Effects of Mevalonate and Isoprenoids on Action of Lovastatin in Rabbit VSMCs and Foam Cells
Incubation of cells with HMG-CoA reductase inhibitors causes mevalonate starvation. Mevalonate metabolism yields a series of isoprenoids, including the cholesterol precursor, squalene, and geranylgeranyl-pyrophosphate (GGPP), an important lipid attachment for the posttranslational modification of Rho protein.37 To test by which pathway statins inhibit MMPs, we attempted to rescue MMP secretion from rabbit VSMCs with mevalonate, squalene, or GGPP in the presence of lovastatin. Addition of squalene did not reduce the inhibitory effect of lovastatin on MMP-1, -2, -3, and -9 secretion (Figure 4). In contrast, the addition of mevalonate or GGPP completely reversed the effects of lovastatin on MMP-1 and -3 and partially reversed the effect on MMP-2 and -9 secretion (Figure 4).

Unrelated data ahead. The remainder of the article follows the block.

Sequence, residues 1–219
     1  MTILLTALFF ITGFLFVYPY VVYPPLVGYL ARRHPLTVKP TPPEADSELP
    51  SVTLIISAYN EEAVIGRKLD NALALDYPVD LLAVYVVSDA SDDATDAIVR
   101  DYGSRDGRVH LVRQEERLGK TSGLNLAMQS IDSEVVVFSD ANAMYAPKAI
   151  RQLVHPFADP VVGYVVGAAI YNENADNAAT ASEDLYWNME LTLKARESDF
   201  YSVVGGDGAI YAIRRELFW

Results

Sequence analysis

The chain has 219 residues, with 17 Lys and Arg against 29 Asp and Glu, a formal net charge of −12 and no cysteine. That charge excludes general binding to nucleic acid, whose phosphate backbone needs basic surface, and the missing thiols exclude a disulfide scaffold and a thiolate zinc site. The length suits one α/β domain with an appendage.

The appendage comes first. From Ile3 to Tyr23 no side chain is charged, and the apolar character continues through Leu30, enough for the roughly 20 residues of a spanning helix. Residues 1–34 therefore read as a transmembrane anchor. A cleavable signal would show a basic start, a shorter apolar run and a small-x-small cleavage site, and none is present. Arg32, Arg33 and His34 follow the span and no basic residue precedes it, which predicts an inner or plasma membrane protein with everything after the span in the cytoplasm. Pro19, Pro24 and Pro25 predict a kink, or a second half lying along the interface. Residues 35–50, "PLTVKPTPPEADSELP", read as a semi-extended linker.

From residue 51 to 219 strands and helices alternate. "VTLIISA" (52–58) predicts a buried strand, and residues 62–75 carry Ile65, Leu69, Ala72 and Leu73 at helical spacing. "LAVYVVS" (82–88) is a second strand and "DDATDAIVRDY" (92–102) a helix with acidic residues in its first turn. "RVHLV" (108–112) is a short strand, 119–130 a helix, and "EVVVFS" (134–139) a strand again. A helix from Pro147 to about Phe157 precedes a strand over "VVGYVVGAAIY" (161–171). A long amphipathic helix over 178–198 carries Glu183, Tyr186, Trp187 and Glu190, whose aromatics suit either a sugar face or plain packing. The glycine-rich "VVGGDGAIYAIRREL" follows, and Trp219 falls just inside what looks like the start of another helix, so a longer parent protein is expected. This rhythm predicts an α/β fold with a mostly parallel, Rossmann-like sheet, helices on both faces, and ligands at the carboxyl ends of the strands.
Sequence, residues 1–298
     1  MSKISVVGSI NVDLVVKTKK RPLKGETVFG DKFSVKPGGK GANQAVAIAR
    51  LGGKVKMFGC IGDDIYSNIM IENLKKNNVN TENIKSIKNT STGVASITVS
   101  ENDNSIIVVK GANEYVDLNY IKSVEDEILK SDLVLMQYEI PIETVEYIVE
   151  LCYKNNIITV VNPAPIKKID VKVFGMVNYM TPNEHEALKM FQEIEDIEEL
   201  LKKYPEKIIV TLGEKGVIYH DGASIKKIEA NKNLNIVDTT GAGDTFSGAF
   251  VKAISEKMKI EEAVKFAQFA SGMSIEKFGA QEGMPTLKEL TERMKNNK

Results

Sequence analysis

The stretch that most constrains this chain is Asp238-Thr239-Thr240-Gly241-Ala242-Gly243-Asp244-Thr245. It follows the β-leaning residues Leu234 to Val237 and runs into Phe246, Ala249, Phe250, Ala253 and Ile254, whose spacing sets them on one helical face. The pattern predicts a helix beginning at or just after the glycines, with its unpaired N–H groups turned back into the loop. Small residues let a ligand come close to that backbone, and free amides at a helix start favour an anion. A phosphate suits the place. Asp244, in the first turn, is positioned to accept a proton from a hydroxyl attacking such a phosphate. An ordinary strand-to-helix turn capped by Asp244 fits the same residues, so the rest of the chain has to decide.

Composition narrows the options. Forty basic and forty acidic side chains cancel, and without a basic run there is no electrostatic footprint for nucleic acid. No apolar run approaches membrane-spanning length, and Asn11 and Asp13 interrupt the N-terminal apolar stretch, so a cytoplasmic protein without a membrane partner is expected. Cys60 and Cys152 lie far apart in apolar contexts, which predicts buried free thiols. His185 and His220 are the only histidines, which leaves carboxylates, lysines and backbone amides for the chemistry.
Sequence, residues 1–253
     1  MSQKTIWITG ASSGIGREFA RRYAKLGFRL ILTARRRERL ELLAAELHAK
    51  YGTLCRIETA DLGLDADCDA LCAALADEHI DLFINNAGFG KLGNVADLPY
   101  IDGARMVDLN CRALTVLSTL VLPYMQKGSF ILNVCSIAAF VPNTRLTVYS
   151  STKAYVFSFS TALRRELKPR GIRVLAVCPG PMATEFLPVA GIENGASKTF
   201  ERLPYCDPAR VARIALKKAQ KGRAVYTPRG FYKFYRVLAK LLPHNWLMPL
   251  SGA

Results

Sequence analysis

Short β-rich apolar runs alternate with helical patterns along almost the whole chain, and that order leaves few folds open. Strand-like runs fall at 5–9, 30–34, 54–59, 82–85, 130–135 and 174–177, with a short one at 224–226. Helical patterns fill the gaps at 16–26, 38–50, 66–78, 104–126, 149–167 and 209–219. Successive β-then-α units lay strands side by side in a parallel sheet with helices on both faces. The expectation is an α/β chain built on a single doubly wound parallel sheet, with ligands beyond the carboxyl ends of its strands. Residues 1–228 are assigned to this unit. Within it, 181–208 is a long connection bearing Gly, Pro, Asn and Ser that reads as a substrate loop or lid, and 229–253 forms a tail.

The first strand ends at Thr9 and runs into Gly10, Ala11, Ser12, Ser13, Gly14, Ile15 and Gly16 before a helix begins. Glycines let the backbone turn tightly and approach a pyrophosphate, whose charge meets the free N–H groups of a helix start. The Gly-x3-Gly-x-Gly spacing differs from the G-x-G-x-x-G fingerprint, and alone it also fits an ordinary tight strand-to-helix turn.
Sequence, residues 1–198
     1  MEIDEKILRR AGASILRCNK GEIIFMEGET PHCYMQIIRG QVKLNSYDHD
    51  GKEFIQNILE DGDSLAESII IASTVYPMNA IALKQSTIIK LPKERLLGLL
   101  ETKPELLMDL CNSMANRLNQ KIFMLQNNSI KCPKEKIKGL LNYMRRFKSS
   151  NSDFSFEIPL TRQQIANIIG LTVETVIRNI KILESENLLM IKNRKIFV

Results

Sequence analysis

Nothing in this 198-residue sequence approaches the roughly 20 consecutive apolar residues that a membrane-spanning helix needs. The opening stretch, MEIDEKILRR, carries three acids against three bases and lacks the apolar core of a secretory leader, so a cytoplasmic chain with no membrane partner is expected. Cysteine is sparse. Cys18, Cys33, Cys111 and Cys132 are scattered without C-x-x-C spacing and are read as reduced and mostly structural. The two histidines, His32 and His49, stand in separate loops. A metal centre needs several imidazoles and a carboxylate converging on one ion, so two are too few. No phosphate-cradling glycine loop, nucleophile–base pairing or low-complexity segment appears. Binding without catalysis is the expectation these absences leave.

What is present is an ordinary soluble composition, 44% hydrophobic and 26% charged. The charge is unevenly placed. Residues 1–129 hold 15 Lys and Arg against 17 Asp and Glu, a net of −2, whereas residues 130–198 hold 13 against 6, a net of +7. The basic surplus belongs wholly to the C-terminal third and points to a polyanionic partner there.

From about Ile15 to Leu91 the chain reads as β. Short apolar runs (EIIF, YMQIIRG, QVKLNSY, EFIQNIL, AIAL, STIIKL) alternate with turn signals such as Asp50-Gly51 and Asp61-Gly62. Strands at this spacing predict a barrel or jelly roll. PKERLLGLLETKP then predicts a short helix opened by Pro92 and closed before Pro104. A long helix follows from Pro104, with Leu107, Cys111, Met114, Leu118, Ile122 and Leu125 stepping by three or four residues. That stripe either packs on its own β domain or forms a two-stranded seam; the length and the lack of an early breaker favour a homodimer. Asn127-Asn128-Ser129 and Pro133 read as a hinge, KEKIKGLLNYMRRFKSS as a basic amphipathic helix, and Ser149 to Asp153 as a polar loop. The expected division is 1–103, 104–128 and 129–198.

Similarly to SMCs, we incubated rabbit foam cells with mevalonate, squalene, or GGPP in the presence of lovastatin. The addition of squalene slightly reversed the effect of lovastatin on MMP-1 secretion but had no effects on MMP-3 or -9 (Figure 5). The addition of mevalonate (100 μmol/L) completely reversed lovastatin effects on MMP-3 and MMP-9 and reversed the effect on MMP-1 by 92±2% (P<0.01, n=3). The addition of GGPP completely reversed MMP-1, -3, and -9 secretion (Figure 5).
Effects of Lovastatin on MMP Activity in Conditioned Media From Rabbit VSMCs and Foam Cells